4. Add the ground coffee to the V60 and gently shake it to create a flat bed of coffee.
  5. Reset the scale and start the timer. Now, you’re ready to brew!
  6. For pre-brewing, quickly pour 40 gram of water over the coffee and use a wooden spoon to mix it up and down, left and right, ensuring all the coffee is saturated without damaging the filter paper.
  7. At 35 seconds, start pouring water slowly and steadily until you reach 150 g on the scale. Aim for dark spots while pouring and avoid adding too much water at once for a consistent brew.
  8. Begin the final pour around 1:30 minutes and continue to add water until you reach 300 g.
  9. Once all the water has filtered through the grounds, your coffee is ready to drink. 

*If your coffee tastes weak or watery, try adjusting the grind settings to a finer coarseness. On the other hand, if your coffee tastes too intense or bitter, you may consider adjusting the grinder to a coarser setting.

Hario V60

Portable and lightweight, the AeroPress prepares a sweet, full cup wherever you are: at home, camping or out and about. This particular method is best when you’re on the go or don’t have a scale.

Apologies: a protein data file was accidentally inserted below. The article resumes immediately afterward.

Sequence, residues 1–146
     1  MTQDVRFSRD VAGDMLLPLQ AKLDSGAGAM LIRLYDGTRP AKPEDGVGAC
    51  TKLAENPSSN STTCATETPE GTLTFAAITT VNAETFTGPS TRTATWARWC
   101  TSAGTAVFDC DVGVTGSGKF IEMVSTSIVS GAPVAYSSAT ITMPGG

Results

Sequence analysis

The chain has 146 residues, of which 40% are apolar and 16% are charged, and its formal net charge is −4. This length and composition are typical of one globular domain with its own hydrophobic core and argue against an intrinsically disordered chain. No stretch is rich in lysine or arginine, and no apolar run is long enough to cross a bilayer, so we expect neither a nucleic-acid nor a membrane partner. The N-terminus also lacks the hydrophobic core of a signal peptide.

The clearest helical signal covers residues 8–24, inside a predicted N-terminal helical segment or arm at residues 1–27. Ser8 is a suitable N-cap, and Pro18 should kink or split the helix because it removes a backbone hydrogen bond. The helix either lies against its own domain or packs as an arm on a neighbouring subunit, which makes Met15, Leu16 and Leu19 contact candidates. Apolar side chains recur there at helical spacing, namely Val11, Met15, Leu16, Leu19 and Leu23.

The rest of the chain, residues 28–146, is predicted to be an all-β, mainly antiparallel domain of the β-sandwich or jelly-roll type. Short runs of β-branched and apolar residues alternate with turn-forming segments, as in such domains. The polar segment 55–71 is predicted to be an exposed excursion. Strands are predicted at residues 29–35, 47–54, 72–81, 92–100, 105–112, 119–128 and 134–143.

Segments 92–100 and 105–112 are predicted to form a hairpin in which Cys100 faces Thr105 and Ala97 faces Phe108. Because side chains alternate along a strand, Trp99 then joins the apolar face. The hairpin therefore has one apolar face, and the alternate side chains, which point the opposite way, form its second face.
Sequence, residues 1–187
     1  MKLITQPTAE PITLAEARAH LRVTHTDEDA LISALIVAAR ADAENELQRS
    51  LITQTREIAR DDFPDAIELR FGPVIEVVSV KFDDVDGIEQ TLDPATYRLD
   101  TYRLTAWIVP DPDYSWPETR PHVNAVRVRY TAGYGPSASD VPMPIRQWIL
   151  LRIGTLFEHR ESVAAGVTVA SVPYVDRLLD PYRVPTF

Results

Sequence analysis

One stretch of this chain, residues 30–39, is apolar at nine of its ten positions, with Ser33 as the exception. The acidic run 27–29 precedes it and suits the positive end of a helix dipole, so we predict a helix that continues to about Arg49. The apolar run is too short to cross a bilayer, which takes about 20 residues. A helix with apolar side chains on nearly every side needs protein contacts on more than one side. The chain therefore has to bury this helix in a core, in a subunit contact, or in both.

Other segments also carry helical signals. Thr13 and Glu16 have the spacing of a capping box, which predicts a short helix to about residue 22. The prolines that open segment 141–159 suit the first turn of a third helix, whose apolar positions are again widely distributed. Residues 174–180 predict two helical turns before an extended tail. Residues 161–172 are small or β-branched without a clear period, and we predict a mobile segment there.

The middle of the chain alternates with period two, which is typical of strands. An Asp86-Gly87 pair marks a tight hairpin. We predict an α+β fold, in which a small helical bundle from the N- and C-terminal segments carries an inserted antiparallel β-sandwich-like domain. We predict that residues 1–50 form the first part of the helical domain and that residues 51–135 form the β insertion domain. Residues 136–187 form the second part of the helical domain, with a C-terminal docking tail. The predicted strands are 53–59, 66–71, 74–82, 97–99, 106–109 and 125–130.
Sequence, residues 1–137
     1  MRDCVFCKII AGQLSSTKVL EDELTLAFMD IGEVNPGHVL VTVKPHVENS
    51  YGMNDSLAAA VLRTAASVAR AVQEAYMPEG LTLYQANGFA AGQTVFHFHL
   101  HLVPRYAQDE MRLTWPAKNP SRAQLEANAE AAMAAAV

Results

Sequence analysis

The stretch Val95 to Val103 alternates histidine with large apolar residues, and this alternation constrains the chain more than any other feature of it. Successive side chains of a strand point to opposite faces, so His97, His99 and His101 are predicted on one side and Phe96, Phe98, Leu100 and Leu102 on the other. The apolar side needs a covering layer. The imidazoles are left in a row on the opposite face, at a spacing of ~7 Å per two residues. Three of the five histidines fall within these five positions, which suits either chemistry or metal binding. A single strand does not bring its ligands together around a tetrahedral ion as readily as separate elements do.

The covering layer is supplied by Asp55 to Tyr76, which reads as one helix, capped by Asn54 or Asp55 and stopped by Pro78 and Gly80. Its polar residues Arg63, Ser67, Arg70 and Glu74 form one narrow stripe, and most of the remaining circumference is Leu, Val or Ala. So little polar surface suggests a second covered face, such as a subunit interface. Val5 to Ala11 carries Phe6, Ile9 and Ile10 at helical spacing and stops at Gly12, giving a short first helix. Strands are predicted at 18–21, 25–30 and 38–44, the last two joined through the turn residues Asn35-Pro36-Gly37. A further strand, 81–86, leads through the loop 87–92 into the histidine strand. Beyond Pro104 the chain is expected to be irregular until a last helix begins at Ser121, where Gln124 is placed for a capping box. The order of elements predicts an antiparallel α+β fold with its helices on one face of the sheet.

• Dose: 18 g
  • Water: 180 ml
  • Water temperature: 92-94°C
  • Brewing time: 2 mins 


  • Coffee beans
  • Scale
  • Aeropress
  • Filter paper
  • Grinder
  • Kettle
  • Cup
  • Wooden spoon
  • Timer
  • Water 
  1. Grind your coffee beans slightly finer than you would for a filter coffee.
  2. If you don’t have a scale, you can use the spoon included with the AeroPress, which holds approximately 18 g of coffee, equivalent to 2.5 tablespoons.
  3. Heat your water to a temperature between 92-94°C (197-201°F). Avoid boiling the water and then cooling. Use filtered water for best results however, if filtered water is not available, you can also use natural spring water.